If there is one that can be said, it would be that the older I get, the more I wish games went back to the way that they used to be. I’m not even sure if RPG Maker games can even be called a guilty pleasure anymore as I seek them out much more than I do most higher budgeted titles. There’s something about them that just makes me want to dig out my old Ikea chair (which I would have to battle the cats for it) find my old CRT, hook up my SNES and play the afternoon away in front of an open window. Memories of a Vagabond covers that nostalgic feeling very well and adds new and interesting gameplay elements that had me happily going into the NG+.
Starting off Memories of a Vagabond puts players in the role of a Hero about to propose to the love of his life. Already at this point players have access to choices both for the Hero’s actions and his words which starts things off much faster than a lengthily cutscene would and instead finds a proper balance of playing and watching. What I absolutely LOVED was that DarkElite showed me the controls both with a keyboard or with my 360 controller prior to first taking control. There was no guessing as to whether there were added controls or not. They also put one of the best possible features in. Turbo. Instead of adding a run button, it speeds up the entire game making certain scenes go a bit faster if it is not the first time. All of this leads up to the true start of the game where our Hero dies. Wait? What?
Memories of a Vagabond to some degree made me think a bit of a Souls game where death is not a permanent thing, but more of a learning experience. After the first story death, and all the following occurrences, whenever the player dies the Hero has a choice of classes that he can take. Players may take the same class or to go ahead and try another one with a total of four classes (Warrior, Assassin, Mage, Hunter) each with their own looks, skills and equipment possibilities. I’ll be honest that while I tried out all the classes during the first selection process, I went through the entire game with the Hunter and only really started to class change during my NG+.
For those that may worry along the lines of “What if I don’t die?” (Which dying does become less frequent as the game progresses… or just being more careful) there is a location that freely allows the player to change to another class without having to die. Eliminating the “game over” could have gone either way, but it made Memories of a Vagabond was made that much better by both not having players restart from the last game over and also eliminating the “What if I had taken the other class instead”. This really allowed for a much smoother experience and a lot less cringing if it had been a while since the last save.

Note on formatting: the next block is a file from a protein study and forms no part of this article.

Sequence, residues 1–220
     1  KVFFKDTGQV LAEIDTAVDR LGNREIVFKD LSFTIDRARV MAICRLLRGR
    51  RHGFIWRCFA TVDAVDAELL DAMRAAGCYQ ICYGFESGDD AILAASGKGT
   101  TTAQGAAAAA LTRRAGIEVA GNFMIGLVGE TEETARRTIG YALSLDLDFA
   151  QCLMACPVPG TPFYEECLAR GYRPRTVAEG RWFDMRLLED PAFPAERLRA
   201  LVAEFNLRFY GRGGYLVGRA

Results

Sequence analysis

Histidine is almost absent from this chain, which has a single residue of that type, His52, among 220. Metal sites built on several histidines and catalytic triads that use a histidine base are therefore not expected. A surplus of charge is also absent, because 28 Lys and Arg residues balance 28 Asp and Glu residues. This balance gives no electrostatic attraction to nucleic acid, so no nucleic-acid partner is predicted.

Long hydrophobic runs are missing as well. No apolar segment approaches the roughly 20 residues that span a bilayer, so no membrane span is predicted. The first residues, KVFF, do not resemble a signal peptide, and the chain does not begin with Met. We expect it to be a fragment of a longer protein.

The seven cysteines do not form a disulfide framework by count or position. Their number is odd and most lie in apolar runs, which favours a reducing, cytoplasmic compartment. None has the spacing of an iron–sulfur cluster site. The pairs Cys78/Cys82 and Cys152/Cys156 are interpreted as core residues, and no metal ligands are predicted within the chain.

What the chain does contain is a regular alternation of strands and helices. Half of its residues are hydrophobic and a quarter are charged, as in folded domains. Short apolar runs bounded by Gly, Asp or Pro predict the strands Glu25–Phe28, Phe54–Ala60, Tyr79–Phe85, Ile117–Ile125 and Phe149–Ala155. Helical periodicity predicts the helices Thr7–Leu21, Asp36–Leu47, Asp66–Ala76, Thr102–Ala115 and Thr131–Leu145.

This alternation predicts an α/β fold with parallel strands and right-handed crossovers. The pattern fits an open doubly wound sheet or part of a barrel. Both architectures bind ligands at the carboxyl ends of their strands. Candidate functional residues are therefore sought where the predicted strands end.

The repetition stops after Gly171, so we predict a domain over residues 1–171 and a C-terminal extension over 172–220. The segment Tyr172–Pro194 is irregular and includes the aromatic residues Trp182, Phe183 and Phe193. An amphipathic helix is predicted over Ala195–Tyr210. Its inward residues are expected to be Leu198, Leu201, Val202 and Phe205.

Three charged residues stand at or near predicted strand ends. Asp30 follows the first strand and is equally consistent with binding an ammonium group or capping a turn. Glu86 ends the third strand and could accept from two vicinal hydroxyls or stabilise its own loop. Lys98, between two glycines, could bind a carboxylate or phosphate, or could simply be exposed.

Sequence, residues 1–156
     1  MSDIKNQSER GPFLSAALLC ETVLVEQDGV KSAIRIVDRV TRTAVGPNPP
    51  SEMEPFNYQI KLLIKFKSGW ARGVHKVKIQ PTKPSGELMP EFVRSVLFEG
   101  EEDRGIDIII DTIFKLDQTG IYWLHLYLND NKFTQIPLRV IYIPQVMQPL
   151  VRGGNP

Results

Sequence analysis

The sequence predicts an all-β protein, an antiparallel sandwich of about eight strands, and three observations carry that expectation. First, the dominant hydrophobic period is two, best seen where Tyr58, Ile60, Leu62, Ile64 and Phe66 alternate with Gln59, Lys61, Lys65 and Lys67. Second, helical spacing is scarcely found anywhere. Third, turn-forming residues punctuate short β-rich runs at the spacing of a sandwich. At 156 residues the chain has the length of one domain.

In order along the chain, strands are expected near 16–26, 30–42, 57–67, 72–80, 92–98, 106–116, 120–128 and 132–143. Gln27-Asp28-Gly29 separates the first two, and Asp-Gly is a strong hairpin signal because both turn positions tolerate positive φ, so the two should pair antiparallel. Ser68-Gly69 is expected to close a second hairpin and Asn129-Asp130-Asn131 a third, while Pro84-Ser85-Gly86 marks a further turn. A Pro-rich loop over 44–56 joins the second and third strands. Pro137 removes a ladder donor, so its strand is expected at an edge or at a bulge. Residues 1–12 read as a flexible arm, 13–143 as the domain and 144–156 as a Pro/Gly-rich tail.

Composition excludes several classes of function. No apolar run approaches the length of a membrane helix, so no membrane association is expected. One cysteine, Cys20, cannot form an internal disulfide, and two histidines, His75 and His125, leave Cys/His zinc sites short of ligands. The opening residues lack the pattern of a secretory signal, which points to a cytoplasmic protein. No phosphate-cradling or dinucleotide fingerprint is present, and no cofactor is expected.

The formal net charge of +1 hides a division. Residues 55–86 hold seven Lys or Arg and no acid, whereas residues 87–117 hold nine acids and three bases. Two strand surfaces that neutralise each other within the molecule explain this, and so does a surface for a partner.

Accompanying the awesome gameplay is well written dialog that spans from start to finish including my favorite insulting comeback ever “You have tiny wings!”. Each character feels like there own person from the various townspeople to the wandering monsters shouting out their challenge. What made these dialogs even better was the numerous times where the Hero could either insult back or say nothing at all. Sometimes the choices carried more weight than others which was a nice touch as not everything had to be a serious choice.
The only issue that I may have had overall… I’m still not sure if it was really all that big of a deal. Memories of a Vagabond is short for an RPG in which I clocked in somewhere around three and a half hours before going back in for that mentioned NG+. The reason I’m not sure if that’s a big deal or not, is that it’s fun and not only does it set out to do what it does well, but there never felt like there were long periods of senseless grinding which is generally what takes at least a good 10-20 hours in a 40 hour RPG. Along with the main story there are several side quests and a coliseum that can be taken on that also changes its challenges depending on the class being played. It should be noted that the coliseum is not a forgiving place as dying sends you back to the class selection. Most fights that may seem that require an extra boost to take on can be solved by either one quick level up, a bit more equipment, or acquiring another party member.
Memories of a Vagabond is an amazing game that even while short, offers enough to come back to with side quests that may not have been completed the first time around or the coliseum that I decided to truly tackle in my NG+.
Review by Pierre-Yves